Spring has charged along -with the days lengthening, grass growing, summer crops being sown, transplanted and taking off, lush lettuce, sweet peas, juicy radishes, tomatoes ripening, potatoes flowering, and plenty of planting- bringing us to the edge of Summer solstice. The season has had it all - cold nights, strong winds, hot days, and deluge rain. Through all of the extremes, and the beautiful days in between, most of our crops are showing resilience and vibrancy - signs of good health.
Now is the time to join Our CSA for January Summer boxes
We have broken our CSA into smaller seasons this year - with the January share being for the four Fridays in January (4, 11, 18 and 25). There are weekly or fortnightly shares available. To learn more or join, go to our online farm store.
The January share will be followed by a mid-summer share which we hope will be at the height of the tomato harvest. We will be harvesting for our CSA through June.
After taking a break last season from our CSA, we happily began harvesting produce for our community with our boxes beginning again in mid November.
We also continued our growing for restaurants, including variety test trials - sending chefs a collection of varieties of butter lettuces, gem lettuces and sugar loaf cabbages thus far and asking them to judge the appearance, usability and flavour of the different varieties tasting them in three ways such as raw, with an acidic dressing and salt and with a touch of heat. The results have been so interesting for us and the chefs and have guided which crops we are growing for both them and our CSA members as well as which crops we have put into seed production.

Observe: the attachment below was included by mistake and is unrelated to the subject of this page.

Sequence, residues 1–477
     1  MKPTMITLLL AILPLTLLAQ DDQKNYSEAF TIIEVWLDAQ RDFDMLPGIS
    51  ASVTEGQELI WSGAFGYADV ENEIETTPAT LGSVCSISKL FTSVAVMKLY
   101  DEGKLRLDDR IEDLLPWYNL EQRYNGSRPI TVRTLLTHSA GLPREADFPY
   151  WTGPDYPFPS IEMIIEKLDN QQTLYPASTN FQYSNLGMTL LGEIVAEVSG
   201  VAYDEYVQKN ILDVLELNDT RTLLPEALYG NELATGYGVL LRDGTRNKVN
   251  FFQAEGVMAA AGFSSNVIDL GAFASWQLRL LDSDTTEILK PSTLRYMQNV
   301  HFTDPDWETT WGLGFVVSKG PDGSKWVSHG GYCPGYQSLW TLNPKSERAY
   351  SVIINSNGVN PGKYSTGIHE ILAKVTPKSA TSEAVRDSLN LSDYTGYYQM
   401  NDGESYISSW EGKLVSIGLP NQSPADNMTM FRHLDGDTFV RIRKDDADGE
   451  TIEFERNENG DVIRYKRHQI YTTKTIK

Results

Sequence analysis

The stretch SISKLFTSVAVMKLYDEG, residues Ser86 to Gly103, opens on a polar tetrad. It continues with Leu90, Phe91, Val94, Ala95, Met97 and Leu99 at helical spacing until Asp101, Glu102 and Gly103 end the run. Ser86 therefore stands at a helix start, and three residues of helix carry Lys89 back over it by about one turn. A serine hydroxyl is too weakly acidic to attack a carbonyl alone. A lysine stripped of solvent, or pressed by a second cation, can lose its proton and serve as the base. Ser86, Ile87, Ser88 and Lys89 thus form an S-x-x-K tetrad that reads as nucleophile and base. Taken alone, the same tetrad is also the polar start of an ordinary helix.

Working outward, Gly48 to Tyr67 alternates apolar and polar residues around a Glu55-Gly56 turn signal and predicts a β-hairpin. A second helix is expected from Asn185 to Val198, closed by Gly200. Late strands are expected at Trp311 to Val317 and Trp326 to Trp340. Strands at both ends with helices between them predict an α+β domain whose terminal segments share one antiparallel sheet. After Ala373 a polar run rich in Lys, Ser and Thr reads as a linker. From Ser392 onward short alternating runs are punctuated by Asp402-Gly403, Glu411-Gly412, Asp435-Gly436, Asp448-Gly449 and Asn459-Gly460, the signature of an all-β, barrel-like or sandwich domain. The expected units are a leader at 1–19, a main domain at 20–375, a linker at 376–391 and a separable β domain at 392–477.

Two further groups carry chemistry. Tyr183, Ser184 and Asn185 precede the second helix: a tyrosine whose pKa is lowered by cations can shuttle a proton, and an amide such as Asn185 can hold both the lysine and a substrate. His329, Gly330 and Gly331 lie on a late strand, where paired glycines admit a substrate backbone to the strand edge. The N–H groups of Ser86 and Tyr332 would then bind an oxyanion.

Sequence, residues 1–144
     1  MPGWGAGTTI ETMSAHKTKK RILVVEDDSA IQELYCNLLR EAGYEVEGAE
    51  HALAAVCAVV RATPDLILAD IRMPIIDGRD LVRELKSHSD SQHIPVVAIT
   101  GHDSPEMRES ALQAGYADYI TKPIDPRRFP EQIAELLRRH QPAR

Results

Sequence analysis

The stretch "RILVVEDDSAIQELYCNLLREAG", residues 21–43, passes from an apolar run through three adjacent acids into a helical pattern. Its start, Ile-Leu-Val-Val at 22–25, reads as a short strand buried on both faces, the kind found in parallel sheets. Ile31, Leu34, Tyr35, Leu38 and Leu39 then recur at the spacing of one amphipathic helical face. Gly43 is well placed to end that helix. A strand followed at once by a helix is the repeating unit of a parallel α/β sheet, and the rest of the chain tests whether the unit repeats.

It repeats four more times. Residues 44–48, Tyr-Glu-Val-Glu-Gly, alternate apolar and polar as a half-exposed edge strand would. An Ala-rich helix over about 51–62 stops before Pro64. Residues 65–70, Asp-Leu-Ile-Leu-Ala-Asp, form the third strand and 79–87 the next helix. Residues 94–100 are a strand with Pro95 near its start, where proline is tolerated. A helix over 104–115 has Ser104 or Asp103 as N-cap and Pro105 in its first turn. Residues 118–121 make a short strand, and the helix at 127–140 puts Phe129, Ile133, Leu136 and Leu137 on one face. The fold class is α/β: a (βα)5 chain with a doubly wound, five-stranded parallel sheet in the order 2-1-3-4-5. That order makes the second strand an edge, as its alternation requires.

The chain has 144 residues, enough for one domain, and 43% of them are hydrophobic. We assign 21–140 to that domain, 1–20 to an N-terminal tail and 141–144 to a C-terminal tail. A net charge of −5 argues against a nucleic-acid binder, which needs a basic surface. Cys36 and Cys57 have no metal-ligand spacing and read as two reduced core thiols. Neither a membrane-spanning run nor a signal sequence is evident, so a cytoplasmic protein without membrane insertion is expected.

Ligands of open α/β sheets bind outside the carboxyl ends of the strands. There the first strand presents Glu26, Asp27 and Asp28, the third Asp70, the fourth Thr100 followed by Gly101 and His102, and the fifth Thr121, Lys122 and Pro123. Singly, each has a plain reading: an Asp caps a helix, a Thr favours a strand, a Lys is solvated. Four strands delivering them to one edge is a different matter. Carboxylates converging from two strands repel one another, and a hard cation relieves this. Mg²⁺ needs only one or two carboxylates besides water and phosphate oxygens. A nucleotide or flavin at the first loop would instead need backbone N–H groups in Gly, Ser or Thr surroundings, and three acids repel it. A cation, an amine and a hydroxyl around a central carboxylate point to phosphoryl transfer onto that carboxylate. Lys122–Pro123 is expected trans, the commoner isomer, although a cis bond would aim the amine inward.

And Spring has been filled with insects, which is quite normal. There is always a flush of aphids in early Spring. Hungry for the fresh new growth, their numbers breed ahead of the beneficial insects which arise and flourish restoring the balance on the farm. It is so wonderful to trust in the ecosystem that we have nurtured, knowing that the beneficials will see and eat the pests sooner and with more zest then we will!!!
Our biodynamic practices continue to deepen through teaching on the farm and communicating more with other farmers. Each season our green manure crops diversify, supporting a larger range of soil microbes and helping us grow soil on this sand dune. As our plants feed only from our humus layer, understanding how to actually create soil filled with life is our most important work.
In the past week, we have checked all of our bee colonies. Our bees reside in bee- friendly Warre hives which allow the bees to build their own comb, living in a "wild" manner. The central ethos of Natural Beekeeping is that it provides for the needs of the bee above that of the beekeeper. We ensure a 12 month supply of nectar and pollen by mapping the flowering plants on our farm and surrounding it, and filling in any gaps through species diversification. We believe that careful attention to the health and well-being of our bees, not only keeps the colony thriving, it also greatly improves the quality and purity of the honey.
As we continue into summer, enjoying the amazing reverie of the earth’s exhale - even while we try and keep up with the busy farming schedule, we hope that the light of the season fills your homes and hearts and shines throughout the New Year!
Peter and Robin